Cam-Capture Literacy and its Incorporation into Multiliteracies

Cam-Capture Literacy and its Incorporation into Multiliteracies

David R. Cole (University of Technology, Sydney, Australia) and Vikashni Moyle (University of Tasmania, Australia)
DOI: 10.4018/978-1-60566-673-0.ch008
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It could be argued that the current literacy landscape is changing very quickly (Anstey & Bull, 2004), and that at the heart of this change one may position the notion of multiliteracies (Cope & Kalantzis, 2000; The New London Group, 1996). The concept of multiliteracies acts to infuse literacy practice with multimodality. This is the ‘switching’ between the different aspects of meaning and representation - such as the audio, visual, spatial, linguistic and gestural (Anstey & Bull, 2004, p. 83). Yet contrary to these processes, research into mainstream literacy environments has consistently shown that print literacy reading and writing activities still dominate these spaces (Winch, Johnston, March, Ljungdahl & Holliday, 2004). This chapter offers a bridge between the potential misfit between multiliteracies theory and mainstream literacy practice by investigating the use of small cameras attached to computers as educational devices – and this is henceforth called cam-capture. This writing reports on students who have used the cameras to record their thoughts about their literacy classroom activities, and changes in their literacy skills over one academic year. In so doing, the students are using digital technology torepresent their ideas and providing a pertinent commentary on current print literacy practice in middle schools through a multiliterate lens.
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The idea of multiliteracies as it is used in this chapter is a social movement (The State of Queensland, 2000). Multiliteracies aims to make change happen in the lives of children and teachers in classrooms where the skills of reading, writing, speaking and listening are being taught and learnt. Likewise, educational researchers are also positioned by multiliteracies as being interested in literacy practice, but not from a dispassionate position – but from the perspective of an activist. It could be said that Unsworth’s (2001) appropriation and realignment of the multiliteracies movement, does take it to a more neutral position by integrating the socio-linguistic work of Michael Halliday (Unsworth, 2000) with the notion of multimodality. Yet, even though the consequent ‘discursive pragmatics of cyberspace’ that one may derive from Unsworth’s ideas, does open up an exciting terrain for understanding how to use electronic texts in education - these arguments do not figure in this chapter about cam-capture and multiliteracies. The position taken in this writing is that multiliteracies is primarily a social movement, and that it is emptied of meaning if taken away from the tendency to initiate change in certain contexts through textual practice.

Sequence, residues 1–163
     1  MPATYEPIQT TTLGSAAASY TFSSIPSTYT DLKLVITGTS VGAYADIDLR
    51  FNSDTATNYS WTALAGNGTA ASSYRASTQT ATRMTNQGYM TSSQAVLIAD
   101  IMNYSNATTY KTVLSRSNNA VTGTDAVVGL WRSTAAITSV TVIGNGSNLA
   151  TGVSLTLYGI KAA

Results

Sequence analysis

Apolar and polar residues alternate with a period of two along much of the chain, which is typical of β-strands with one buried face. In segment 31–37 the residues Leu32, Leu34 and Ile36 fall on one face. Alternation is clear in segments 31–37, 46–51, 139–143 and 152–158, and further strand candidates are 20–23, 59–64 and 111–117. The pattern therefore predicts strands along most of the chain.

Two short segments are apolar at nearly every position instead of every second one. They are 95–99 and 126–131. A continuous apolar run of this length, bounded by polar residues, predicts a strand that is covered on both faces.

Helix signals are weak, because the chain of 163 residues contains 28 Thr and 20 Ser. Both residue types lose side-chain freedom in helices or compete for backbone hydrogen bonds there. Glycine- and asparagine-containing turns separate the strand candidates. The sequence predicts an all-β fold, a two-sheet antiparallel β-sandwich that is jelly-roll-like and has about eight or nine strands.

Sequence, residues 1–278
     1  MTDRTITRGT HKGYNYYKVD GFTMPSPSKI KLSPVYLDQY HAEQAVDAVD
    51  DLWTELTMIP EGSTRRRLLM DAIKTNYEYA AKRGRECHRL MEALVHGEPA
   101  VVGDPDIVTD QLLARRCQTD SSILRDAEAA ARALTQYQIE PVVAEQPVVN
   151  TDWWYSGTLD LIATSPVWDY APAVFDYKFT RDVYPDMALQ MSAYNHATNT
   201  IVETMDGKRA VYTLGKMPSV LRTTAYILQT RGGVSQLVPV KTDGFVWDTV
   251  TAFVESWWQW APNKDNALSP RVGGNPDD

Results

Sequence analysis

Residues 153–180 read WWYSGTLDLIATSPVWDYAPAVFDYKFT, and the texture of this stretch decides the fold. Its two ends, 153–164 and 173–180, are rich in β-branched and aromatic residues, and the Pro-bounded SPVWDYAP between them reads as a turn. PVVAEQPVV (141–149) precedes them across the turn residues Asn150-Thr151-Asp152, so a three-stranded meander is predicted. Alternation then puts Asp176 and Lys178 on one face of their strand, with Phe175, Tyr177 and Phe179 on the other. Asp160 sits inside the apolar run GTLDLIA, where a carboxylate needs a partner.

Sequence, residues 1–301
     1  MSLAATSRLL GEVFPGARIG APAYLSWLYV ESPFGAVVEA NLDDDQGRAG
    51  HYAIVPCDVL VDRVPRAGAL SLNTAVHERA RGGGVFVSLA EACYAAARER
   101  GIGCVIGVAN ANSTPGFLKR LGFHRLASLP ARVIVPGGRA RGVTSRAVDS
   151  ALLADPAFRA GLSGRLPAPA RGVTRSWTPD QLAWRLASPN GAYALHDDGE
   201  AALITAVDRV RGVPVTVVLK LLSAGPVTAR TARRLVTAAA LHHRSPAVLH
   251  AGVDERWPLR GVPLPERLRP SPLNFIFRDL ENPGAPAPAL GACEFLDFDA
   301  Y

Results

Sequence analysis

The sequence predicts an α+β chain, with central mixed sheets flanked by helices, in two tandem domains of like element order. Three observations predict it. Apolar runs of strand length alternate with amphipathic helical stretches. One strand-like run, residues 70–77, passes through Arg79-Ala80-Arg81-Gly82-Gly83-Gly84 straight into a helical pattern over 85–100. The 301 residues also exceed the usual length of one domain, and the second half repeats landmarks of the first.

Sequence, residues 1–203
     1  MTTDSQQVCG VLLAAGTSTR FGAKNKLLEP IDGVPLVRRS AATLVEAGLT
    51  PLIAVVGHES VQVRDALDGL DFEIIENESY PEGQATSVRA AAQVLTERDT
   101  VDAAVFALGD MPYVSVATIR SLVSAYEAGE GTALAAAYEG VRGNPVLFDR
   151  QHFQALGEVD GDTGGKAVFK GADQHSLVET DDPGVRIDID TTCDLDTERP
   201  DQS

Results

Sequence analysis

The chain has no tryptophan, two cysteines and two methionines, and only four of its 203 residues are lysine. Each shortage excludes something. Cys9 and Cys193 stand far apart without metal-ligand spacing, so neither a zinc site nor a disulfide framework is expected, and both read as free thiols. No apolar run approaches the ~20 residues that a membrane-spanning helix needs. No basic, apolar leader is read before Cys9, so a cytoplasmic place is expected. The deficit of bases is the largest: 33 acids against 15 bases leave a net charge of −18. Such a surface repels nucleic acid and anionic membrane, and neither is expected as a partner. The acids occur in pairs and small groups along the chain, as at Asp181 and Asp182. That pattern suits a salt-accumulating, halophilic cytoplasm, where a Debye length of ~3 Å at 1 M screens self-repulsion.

The context in this chapter is middle school classrooms – and particularly years 7 to 9 in a medium to low socio-economic area. The middle years of schooling acts as a transitional period in most industrialised countries between the primary and secondary environments. In the primary school, the subject of literacy is heavily scaffolded by close contact with specific teachers that have almost total control over subject matter and delivery (Annadale, Bindon, Handley, Johnston, Lockett & Lynch, 2004). In the secondary context, literacy is opened up through the critical and analytic study of literature, and students learn literacy that is delivered through various subjects where they are asked to read text and respond, usually in the manner of reading comprehension where their specialist knowledge, vocabulary and logical reasoning might be tested. Another common practice that runs through the way in which literacy is organised in middle school contexts is the tendency to stream students, and this streaming is orchestrated through traditional testing procedures, such as reading comprehension, extended hand written exercises and spelling (Millard, 1997). This chapter will take this context, and look to transform it through cam-capture as an application of multiliteracies.

The aims of the chapter are:

  • To make a link between multiliteracies and the actual practices of middle school students through cam-capture educational research.

  • To position cam-capture as a practical application of multiliteracies, and to explore how it relates to traditional notions of literacy development through testing.

  • To analyse the literacy practices of a cohort of middle school students through self-recorded video reflections.

  • To develop the notion of cam-capture literacy and to employ it as part of multiliteracies for educational researchers, students and teachers.

  • To synthesise the notion of cam-capture literacy with its educational potential to enable evidence-based multiliteracies practices in schools.



Cam-capture literacy may be understood as a dynamic composite of three aspects of multiliteracies:

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